Behind the scenes, there’s a lot more. So much so, the Bommarito Performance experience includes strength and speed coaches, communication experts, interview prep, Wonderlic test prep, a medical staff of 14 different disciplines, in-house chefs, nutritionists, and medical doctors to perform blood and urine work.



“It’s like a full-time job for these players. They come in at 6:30 a.m. and don’t leave until 5 p.m.,” Bommarito said. “It’s not that they train all day. It’s just a grueling, grueling process.



“The way I look at it, we’re preparing them for the entire bridge from college football to the NFL – which is tremendous. I like to think of us as introducing them to how to carry themselves as a professional.”



Rob Gronkowski, Tim Tebow and Torrey Smith are among the current NFL players who trained for the Combine with Bommarito.



“A schedule and workout specific for the quarterback position is something that’s helpful and unique to the program,” Minnesota Vikings QB Christian Ponder said.



“My explosiveness is a lot better. Bommarito is all I need for the rest of my career,” free-agent running back Ahmad Bradshaw said.



Bommarito has 31 clients going to the ’13 Combine. Besides Riddick and Notre Dame teammate safety Zeke Motta, the players include Miami running back Mike James; Florida LB Jon Bostic, RB Mike Gillislee, tight end Jordan Reed and defensive lineman Omar Hunter; Florida State LB Nick Moody; Michigan State RB Le’Veon Bell; Nebraska RB Rex Burkhead; Rutgers RB Jawan Jamison; Boise State cornerback Jamar Taylor; and Texas A&M LB Sean Porter.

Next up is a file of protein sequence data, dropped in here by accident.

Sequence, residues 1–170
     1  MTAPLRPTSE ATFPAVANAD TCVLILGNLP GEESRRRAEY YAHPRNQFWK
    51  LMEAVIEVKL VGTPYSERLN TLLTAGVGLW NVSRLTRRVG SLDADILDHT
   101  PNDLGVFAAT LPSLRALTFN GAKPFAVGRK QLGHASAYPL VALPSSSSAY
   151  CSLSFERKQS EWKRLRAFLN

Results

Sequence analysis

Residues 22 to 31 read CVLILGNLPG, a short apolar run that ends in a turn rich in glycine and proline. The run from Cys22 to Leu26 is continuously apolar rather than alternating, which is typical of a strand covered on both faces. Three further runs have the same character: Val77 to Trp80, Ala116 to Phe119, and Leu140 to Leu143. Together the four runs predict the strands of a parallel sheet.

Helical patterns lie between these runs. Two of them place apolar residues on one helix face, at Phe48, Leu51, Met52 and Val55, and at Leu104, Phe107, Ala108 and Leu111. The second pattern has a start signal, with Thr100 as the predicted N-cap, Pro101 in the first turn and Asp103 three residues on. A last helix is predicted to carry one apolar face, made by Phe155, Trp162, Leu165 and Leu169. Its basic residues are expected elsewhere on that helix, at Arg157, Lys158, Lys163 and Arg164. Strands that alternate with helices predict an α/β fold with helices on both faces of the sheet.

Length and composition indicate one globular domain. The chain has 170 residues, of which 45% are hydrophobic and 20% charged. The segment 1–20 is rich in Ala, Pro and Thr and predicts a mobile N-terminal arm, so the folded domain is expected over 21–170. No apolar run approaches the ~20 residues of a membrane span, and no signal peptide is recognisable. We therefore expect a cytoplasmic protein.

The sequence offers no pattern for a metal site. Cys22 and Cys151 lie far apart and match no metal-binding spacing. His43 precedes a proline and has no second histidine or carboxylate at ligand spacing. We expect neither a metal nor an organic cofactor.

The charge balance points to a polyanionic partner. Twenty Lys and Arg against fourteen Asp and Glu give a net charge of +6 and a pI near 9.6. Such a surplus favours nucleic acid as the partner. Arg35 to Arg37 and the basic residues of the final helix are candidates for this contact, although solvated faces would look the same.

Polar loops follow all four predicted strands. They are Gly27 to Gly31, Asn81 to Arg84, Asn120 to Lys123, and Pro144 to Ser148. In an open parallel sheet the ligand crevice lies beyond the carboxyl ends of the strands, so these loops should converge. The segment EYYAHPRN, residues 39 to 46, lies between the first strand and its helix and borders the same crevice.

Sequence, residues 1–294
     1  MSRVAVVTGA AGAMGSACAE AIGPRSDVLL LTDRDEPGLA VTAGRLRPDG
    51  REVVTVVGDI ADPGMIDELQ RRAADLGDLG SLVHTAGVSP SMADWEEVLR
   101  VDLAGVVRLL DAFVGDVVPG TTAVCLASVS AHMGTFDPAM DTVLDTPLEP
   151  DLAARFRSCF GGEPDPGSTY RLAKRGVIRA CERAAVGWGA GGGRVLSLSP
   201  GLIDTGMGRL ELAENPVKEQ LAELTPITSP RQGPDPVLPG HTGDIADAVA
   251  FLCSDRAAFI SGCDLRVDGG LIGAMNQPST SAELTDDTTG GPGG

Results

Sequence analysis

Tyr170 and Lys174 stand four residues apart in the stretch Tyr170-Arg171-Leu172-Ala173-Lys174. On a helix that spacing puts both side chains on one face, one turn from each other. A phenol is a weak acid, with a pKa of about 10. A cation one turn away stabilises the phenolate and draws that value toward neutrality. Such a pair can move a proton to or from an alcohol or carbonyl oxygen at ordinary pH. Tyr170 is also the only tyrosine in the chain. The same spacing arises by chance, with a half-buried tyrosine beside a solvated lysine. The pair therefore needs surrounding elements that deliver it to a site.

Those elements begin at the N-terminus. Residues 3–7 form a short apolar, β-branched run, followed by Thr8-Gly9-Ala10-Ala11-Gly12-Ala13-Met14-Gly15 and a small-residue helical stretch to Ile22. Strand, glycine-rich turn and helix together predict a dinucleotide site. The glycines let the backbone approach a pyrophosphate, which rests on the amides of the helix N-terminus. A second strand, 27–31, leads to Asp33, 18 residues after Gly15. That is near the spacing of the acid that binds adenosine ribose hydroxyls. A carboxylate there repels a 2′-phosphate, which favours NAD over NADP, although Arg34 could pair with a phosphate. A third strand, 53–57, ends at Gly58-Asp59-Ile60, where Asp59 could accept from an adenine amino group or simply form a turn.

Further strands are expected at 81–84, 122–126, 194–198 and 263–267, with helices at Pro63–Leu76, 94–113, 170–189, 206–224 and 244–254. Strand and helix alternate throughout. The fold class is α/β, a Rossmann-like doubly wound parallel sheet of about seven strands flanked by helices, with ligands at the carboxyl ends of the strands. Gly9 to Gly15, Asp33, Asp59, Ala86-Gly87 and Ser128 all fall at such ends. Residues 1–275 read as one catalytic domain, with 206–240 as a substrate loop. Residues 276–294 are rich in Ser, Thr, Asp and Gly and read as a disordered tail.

At Indianapolis, Bommarito will set up a 24/7 suite so his players can stay on their meal plans and receive massage or medical needs.



Bommarito Performance is not the only elite complete-training site. Others include Athletes Performance, based in Phoenix with several other locations; Ignition in Naples, Fla., and Cincinnati; IMG Academy in Bradenton, Fla.; and XPE Sports in Delray, Fla.